SUBJECT: ALEXANDRE SOUÊTRE
Alexandre Souêtre was born & raised in Paris and moved to the U.S. at age 18. Though he's currently working from PDX, most of his projects are in LA and he maintains others around the world. Alexandre has a brilliant and otherworldly POV that presents familiar archetypes in a transformative way, you can’t quite place the aesthetic but the masterful intentionally is resounding. As someone who’s comfortable throwing the “supposed to,” notions to the wind, he embraces contrast through a keen artistic eye that goes against the grain, as a sort of extremely calculated visual rebellion. We discovered Alexandre’s work years ago on social media and we were instant fans. We remain Impressed by the impression his creativity leaves.
Alexandre grew up skating, this was how he discovered creative direction. He was always impressed with the cinematography in skate vids, and photography in skate culture in general. He quickly made the connection that entire teams worked behind the scenes to make magic happen. Though obsessed, with all things visual, he did not take it too seriously until college when he dove headfirst into Graphic Design. A variety of creative jobs later, some agency work in Paris, and a lot of his early days LA dabbling in production, he’s now truly a jack of all trades. Balancing, independent creative endeavors and work through his own agency E.P.C. He's also come full circle as the Creative Director for SOVRN, an LA-based skate brand that has elevated the aesthetic, design, and artistry within skateboard gear.
THE OBJECT: Chair’s [The fave: Mid-Century Eames LCW: Chair]
But, really not a single one. Alexandre maintains an impressive collection of chairs and it was challenging to get him to select just one.
When we first moved to PDX and were starting from scratch, I can recall all of these special moments shopping for furniture. And, I can also remember physically restraining myself from purchasing every lovely chair in sight. I get inspired just by looking at chairs. I think about the Icon, “A Chair,” it has existed for centuries. With, a primal form and function that has undergone creative reinterpretation over and over again since inception. In another life, I would have loved to be a chair designer. I’m a bit obsessive over the details and it would be the perfect space to create in.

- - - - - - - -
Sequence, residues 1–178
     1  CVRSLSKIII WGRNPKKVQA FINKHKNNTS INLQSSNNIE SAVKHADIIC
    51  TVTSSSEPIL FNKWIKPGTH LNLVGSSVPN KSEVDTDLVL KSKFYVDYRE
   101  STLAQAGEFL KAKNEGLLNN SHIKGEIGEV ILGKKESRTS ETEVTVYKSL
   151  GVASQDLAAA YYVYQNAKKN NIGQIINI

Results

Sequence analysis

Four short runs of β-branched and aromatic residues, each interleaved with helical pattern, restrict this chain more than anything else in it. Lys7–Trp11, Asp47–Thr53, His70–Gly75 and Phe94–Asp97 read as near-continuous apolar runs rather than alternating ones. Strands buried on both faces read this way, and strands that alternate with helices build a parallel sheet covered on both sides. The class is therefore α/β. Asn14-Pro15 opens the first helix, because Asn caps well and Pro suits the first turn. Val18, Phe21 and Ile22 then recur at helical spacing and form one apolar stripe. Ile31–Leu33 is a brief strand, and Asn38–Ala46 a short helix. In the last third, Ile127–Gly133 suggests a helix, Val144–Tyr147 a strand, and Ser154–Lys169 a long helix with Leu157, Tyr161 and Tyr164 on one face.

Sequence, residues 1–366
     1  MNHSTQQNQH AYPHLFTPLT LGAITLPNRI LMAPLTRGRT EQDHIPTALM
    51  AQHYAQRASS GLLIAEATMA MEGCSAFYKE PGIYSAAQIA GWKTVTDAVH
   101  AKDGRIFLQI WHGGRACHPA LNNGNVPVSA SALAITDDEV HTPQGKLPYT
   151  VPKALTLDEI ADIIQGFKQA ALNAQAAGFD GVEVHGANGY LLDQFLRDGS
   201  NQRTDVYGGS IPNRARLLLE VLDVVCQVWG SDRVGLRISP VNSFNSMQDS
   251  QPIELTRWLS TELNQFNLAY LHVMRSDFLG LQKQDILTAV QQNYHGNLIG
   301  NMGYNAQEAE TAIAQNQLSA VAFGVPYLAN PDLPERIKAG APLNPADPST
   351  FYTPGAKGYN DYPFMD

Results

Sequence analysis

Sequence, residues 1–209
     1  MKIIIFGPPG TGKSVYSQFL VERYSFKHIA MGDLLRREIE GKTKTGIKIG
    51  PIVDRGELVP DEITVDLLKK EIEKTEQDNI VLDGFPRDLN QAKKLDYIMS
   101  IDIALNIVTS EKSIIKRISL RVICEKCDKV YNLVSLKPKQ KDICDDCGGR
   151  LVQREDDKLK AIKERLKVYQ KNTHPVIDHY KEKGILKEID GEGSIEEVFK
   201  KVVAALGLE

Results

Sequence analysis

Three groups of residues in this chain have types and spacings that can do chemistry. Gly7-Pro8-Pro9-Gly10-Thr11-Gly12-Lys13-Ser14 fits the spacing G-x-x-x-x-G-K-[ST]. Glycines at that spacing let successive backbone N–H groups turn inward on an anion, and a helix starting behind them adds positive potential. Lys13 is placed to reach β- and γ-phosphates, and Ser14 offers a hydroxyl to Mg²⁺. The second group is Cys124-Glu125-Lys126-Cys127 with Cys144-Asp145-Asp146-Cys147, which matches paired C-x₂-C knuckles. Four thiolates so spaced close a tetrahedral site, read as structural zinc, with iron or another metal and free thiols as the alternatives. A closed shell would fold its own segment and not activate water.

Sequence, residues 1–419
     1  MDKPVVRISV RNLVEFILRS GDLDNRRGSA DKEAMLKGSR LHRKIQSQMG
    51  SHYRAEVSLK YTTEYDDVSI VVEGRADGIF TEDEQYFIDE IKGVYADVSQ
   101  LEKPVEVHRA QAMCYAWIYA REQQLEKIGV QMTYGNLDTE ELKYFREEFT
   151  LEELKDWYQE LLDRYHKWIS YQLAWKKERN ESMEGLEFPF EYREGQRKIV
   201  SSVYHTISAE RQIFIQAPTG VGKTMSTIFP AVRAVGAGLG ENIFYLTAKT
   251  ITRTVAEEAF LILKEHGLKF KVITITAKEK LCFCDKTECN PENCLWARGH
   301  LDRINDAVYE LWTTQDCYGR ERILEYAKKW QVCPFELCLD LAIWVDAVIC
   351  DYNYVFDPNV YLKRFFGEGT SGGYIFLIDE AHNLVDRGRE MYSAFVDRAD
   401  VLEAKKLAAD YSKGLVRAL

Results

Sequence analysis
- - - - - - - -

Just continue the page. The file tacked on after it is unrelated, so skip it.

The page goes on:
If I was forced to pick one though, It’d be my Eames Mid-Century LCW Chair. It’s a real classic, the low-lounge version, made from Oak. It doesn’t get old to me. And, what I especially love about it is that one would assume an object like a chair, having such a standardized & straightforward function, to have flat or angular surfaces. And, it’s anything but that. The lines are constantly flowing in and out bowing here to there. There’s nothing sharp or flat about it. This contrast is provocative.
Alexandre is fond of juxtaposition, and tension presented in a way that’s still comfortable, though rationally impossible. His approach to visuals and visual narrative is akin to the tensions present in his favorite chair.
I’m always seeking a sense of discomfort that allows viewers to experience something in a way they haven’t before. I’m a BIG Chris Cunningham fan. I remember watching a DVD that compiled his music videos when I was younger and I was blown away, watching something I had never seen, in a form that was uncomfortable but not offensive. I wasn’t sure how I felt but I can remember thinking “A person made this, I thought these ideas weren’t “ supposed,” to be expressed. I realized then, creativity can be approached, however, you want to approach it.
Tell us about a time it was hard to be yourself, or when being yourself led to a breakthrough?
This question gave me a little bit of trouble. Being myself has always felt like a challenge around other people, not exclusively because I have to wear a social mask or anything, but mainly because people’s approach to etiquette & interaction usually prevents me from feeling truly free in expression. More often than not I suppose, people aren’t used to being present and really talking to one another, instead, they talk at one another with all these layers that prevent either from truly being or truly listening. Although there is, and always will be something rewarding about human interaction, it remains to be a rather limited experience as it is today. Almost like we as humans haven’t reached the peak of our self-development.
Perhaps the biggest breakthrough in my life was the day I realized solitude was a healing process for me, and loneliness was in fact a positive feeling. One, I had to embrace and welcome with open arms. I challenge my comfort when around others, which allows me to gather emotions worth encoding. I heal myself when on my own, and in turn decode those emotions, which can sometimes be draining in experience.
WHAT’S SOMETHING PEOPLE DON’T KNOW ABOUT ALEXANDRE, THAT YOU’D WANT EVERYONE TO HEAR?
My earliest dream was to become a comic book artist. People that don't me personally, and look at my work today probably wouldn't guess that this is what I truly wanted to do. I grew up with them and this was the first artistic spark I had. Especially French comics, André Franquin, Marcel Gotlieb, Gary Larson, Nicholas Gurewitch were a BIG part of my youth. I would marvel at the attention to detail that each comic would have, the subtle and very calculated visual storytelling & the perfect choice of words.